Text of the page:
Samsung’s Mobile Health Centre, which uses technology to remotely connect to specialist doctors anywhere in the world to get expert opinion and diagnoses, communities quick access to primary healthcare, screening, mother and child facilities, dental care, eye testing and emergency care This year, Samsung will be establishing a Mobile Health Centre in Togo.

Samsung’s Digital Village, which focuses on the challenges in underserved and rural communities, provides access to new experiences by bringing advanced Information and Communication Technologies (ICTs) to under-resourced areas. This helps to bridge the digital divide and serves as a catalyst for local business and government service delivery.

The Digital Village is a hub where community members can access educational and health solutions.

Within a Digital Village set-up, Samsung also offers a Mother and Child Unit, which is equipped to offer comprehensive pre- and post-natal screening, care and education in an effort to reduce Africa’s high infant mortality rate.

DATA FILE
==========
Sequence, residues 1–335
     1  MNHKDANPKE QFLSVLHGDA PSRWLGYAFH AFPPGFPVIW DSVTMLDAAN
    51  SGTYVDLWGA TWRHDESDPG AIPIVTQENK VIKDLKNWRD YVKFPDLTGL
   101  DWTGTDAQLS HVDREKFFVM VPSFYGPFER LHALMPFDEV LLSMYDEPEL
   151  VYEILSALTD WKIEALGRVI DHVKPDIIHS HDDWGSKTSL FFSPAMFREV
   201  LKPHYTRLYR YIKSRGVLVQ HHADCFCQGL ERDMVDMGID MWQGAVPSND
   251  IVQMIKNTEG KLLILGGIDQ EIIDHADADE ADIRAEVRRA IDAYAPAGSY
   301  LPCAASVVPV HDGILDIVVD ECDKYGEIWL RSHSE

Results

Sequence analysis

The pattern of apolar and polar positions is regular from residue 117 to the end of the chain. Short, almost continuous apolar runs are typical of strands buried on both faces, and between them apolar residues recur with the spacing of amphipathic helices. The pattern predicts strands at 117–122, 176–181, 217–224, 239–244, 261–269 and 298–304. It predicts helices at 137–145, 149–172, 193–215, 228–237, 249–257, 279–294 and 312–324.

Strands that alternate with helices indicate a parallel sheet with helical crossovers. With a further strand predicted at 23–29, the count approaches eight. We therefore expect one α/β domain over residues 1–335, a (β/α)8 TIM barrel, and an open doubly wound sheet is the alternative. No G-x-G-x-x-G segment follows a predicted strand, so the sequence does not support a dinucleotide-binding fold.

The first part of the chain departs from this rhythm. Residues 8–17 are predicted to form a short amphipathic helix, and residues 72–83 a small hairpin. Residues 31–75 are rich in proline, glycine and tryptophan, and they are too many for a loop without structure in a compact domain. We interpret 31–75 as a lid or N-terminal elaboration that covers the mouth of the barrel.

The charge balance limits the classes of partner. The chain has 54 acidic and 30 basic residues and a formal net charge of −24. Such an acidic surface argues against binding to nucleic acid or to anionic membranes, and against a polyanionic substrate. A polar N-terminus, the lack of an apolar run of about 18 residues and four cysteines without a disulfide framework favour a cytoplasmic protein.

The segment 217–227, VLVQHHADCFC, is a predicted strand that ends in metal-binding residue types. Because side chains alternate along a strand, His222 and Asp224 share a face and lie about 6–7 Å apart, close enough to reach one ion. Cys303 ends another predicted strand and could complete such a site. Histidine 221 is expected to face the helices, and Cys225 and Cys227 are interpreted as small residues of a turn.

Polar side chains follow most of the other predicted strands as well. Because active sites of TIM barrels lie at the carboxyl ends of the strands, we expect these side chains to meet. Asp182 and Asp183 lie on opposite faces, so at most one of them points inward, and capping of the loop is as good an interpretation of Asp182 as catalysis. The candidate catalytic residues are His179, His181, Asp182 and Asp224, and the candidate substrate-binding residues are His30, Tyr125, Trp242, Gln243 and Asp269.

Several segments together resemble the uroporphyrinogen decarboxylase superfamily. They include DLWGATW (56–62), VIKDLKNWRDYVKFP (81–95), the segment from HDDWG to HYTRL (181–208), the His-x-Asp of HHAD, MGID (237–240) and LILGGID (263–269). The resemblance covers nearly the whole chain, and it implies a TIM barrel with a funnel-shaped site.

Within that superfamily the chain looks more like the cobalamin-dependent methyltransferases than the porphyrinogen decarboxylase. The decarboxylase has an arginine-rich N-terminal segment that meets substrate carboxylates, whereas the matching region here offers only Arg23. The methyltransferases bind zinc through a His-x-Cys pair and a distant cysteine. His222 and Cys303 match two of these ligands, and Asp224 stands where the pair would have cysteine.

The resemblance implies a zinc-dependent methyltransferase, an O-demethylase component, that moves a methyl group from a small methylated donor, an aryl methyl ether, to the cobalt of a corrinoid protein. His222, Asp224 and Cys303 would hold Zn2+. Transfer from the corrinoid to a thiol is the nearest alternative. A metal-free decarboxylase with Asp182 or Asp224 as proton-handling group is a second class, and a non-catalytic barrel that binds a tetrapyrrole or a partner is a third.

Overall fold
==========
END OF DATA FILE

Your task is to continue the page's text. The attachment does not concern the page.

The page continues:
In 2016, Samsung will be launching Digital Villages in Kenya, Ethiopia and Tanzania.

“These multi-purpose offerings provide a sustainable solution to challenges faced by African people, while improving their standards of living. The model addresses one of Africa’s largest economic challenges – electrification. The scarcity of electricity results in limited access to education, healthcare and connectivity – all of which are key to socio-economic development,” adds Tau.


Corporate Citizenship that makes a real impact

“Collaboration with communities is key to finding the correct remedies to societal challenges,” says Tau. “At Samsung, we have a vested interest in the communities we operate in and, as a result, we have come up with solutions that directly address the everyday challenges most people encounter. Over the years, our collaborative efforts – guided by our strategic focus in the areas of education, health, the environment, and skills and employability – have seen us collaborate with different communities, NGOs and governments. These collaborations have given us insights that we have used when designing the solutions we have installed in the different communities across the African continent. 2016 is another year we build on these progressive partnerships and ensure that we positively impact the lives of more people.”